Maybe less well known to an international audience than Stonehenge, and lying some 18 miles to the north, is the village of Avebury; site of the largest stone circle in Europe. There are actually 3 stone circles, 2 within the outer raised bank and ditch, and a third circle surrounding the entire site. Construction is estimated at 2600 BC – or 4600 years ago.
There is something of a chequered past to the stones; despite their age and significance they were considered the ‘work of the devil’ around the 14th C (when England was in the full throw of Christianity) and local villagers set about toppling or destroying them. One person was killed during this destruction (around 1320) – a stone fell on him and he was only excavated in 1938! This accident and the advent of the Black Death may have saved further damage to the stones – as the locals had other matters to contend with…
Further puritanical damage was inflicted around the 1720s, when the stones were broken apart for building materials.
The current state of the henge is largely down to Alexander Keiller (of the jam making family), who purchased the entire site and started renovation. The site now belongs to the National Trust.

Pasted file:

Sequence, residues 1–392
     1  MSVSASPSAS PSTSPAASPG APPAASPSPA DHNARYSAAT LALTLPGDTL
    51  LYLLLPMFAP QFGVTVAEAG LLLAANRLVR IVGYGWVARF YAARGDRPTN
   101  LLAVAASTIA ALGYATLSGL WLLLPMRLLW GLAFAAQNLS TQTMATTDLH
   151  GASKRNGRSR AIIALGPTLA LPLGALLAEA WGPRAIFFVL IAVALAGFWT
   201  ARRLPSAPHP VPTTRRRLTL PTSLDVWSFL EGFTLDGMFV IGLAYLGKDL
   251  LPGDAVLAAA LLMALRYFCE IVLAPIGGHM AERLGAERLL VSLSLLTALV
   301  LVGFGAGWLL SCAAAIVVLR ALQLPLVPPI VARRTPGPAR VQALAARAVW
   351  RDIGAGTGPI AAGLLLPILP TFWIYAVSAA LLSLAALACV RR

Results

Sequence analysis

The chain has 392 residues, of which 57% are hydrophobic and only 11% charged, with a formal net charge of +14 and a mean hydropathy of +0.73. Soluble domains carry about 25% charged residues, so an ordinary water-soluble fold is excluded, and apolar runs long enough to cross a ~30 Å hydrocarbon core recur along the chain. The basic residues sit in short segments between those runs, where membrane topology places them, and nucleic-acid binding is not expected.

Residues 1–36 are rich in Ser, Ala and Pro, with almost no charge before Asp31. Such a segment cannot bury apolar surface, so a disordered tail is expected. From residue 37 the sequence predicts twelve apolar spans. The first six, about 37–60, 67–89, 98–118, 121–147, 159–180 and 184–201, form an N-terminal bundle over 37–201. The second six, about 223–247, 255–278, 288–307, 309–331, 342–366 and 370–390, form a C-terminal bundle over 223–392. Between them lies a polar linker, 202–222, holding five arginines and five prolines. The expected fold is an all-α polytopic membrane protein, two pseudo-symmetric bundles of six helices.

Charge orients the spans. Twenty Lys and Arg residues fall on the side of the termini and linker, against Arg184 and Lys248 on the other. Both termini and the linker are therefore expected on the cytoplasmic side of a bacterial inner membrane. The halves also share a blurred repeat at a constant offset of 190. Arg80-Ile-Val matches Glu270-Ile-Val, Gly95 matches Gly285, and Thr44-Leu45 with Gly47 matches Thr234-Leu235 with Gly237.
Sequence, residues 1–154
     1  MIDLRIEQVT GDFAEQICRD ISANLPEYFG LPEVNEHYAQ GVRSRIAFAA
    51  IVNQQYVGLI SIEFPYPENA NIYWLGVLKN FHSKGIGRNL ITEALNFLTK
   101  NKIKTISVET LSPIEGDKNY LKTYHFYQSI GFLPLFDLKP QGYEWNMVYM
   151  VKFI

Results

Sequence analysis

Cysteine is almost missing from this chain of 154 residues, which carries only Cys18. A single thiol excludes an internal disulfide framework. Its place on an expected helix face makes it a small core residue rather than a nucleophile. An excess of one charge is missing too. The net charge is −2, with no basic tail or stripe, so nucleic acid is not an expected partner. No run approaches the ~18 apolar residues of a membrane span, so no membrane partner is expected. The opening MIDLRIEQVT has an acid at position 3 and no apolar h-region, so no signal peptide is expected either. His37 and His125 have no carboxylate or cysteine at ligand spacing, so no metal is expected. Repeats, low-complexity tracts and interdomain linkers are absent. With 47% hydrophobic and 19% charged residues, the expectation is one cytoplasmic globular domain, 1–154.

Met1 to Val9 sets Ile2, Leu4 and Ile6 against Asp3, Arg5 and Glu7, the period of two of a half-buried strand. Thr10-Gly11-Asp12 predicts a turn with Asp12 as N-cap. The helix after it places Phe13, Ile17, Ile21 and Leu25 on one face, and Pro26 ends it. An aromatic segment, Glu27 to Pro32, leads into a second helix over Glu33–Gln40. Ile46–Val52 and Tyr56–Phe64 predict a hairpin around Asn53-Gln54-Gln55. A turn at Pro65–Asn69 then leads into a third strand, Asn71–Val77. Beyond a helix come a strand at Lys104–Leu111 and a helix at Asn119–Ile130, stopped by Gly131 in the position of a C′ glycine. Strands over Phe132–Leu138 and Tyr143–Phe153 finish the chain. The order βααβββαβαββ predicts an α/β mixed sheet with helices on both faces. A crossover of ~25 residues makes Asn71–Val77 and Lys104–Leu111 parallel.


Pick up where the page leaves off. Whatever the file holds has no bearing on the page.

Despite the fact a road runs through it (literally) and the site attracts a quarter of a million visitors a year, Avebury manages to be quite tranquil and not loaded with tourist tat.
West Kennet Long Barrow
Just to the south of Avebury is the West Kennet Long Barrow at approx 3600 BC, 5600 years old, this is much older than Avebury Henge and some 400 years older than Stonehenge. The barrow is a burial chamber and was in use for about 1000 years.
You can enter the front section of the barrow, and there is nothing remotely spooky about it; apart from suddenly hearing someone in a side chamber cough or shuffle about when you thought it was empty…
Being an ancient site, it does get a fair share of drum banging, cow bothering ‘New Age’ types…
The final part of this Neolithic collection is Silbury Hill. At 40 meters high, the largest Neolithic mound in Europe; estimated to have taken around 15 years to build, it has been standing for about 4750 years.
Discoveries are still being made; in 2007 English Heritage announced that they had found a large Roman settlement near the hill, but its original purpose remains a mystery.